- Assistant Professor
- Western Kentucky University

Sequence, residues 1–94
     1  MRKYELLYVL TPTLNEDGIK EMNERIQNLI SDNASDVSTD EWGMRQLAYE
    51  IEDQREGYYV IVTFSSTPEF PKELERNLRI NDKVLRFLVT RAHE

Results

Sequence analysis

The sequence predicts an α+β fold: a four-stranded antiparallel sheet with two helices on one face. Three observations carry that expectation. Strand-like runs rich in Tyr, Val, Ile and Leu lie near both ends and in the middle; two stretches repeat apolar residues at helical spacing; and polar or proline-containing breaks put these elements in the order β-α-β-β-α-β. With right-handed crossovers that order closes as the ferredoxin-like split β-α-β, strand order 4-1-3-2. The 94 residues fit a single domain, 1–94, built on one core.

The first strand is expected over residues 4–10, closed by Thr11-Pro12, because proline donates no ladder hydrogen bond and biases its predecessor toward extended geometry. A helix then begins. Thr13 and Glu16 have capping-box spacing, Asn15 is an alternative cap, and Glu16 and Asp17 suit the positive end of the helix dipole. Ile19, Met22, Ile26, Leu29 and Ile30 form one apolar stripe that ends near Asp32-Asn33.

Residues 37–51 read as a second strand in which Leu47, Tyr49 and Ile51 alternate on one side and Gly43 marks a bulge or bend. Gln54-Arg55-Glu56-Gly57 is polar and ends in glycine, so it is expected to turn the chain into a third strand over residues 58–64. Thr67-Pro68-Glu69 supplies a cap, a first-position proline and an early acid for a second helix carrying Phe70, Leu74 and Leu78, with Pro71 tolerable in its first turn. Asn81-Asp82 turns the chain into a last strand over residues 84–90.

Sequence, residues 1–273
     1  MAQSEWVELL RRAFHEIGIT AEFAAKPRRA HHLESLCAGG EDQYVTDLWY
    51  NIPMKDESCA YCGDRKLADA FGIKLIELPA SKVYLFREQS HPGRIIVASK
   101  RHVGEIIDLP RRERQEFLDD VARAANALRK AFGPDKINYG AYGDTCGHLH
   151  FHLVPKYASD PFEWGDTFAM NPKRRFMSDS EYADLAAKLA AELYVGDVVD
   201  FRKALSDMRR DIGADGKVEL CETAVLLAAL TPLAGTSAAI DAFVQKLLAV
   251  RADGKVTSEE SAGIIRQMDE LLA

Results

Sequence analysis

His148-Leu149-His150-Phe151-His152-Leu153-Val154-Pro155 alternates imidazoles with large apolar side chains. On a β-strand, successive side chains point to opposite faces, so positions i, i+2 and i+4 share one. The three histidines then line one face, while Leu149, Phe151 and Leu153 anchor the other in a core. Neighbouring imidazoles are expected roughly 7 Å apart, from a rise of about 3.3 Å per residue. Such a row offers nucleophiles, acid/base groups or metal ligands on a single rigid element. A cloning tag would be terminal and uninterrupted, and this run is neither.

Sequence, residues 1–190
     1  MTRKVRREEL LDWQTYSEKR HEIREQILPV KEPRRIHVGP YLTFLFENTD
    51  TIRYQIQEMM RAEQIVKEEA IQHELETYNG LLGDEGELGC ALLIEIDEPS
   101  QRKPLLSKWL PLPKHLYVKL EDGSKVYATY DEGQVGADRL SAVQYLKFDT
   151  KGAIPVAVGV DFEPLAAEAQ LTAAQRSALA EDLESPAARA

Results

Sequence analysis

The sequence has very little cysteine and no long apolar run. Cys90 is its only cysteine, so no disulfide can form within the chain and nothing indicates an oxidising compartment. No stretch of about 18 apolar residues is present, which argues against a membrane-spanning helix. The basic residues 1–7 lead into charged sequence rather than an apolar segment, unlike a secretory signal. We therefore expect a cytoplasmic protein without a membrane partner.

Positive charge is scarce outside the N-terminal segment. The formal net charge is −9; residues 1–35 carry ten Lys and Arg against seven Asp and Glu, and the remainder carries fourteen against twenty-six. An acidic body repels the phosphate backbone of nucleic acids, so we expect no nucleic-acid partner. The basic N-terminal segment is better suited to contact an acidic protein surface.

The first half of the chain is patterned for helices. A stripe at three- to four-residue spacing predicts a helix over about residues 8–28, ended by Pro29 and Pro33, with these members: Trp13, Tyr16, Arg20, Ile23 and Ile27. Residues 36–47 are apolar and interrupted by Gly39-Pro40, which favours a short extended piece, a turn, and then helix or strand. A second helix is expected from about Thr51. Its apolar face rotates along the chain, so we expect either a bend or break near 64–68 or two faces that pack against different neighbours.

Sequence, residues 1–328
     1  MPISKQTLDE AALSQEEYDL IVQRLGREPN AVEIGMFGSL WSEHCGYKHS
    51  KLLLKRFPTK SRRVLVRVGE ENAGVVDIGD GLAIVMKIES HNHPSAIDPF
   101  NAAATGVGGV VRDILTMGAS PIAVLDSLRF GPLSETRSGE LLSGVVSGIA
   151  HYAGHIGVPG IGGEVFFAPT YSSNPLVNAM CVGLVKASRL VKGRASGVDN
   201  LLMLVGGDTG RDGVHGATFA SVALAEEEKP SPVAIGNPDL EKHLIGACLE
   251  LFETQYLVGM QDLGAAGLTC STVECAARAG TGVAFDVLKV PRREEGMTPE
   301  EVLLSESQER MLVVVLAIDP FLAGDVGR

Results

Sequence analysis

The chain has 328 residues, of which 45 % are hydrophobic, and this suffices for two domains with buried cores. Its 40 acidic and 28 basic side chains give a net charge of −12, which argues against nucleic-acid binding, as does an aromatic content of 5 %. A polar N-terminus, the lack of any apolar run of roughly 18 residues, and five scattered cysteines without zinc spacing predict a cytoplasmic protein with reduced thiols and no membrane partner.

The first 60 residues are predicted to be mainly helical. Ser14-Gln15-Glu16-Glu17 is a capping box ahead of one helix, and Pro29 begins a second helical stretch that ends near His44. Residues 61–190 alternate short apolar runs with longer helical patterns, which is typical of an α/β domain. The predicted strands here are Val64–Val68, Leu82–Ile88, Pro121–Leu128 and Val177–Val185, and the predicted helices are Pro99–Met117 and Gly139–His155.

The concept of creativity is a product of history that was largely absent from US vernacular prior to the 1930s. More democratic than “genius” and more inclusive of the sciences than “culture,” creativity offered a heuristic for explaining a host of active verbs: discover, create, learn, imagine, invent, and sell. Yet it also foreclosed an earlier, more complicated conceptual landscape. This book investigates the vocabularies, practices, and identity scripts through which Americans understood the nature of learning and discovery before the emergence of creativity discourse. The grant will support research and writing during the summers of 2018 and 2019.